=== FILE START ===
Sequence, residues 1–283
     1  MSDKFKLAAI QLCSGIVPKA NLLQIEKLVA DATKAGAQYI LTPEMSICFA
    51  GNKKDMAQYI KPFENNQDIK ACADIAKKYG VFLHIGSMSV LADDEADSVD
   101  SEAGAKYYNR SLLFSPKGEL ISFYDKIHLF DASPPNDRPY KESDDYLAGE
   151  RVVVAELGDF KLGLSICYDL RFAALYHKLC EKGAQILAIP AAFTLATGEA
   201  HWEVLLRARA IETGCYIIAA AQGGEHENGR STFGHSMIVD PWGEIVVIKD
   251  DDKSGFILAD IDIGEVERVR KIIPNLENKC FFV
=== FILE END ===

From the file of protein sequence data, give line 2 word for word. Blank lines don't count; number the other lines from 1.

     1  MSDKFKLAAI QLCSGIVPKA NLLQIEKLVA DATKAGAQYI LTPEMSICFA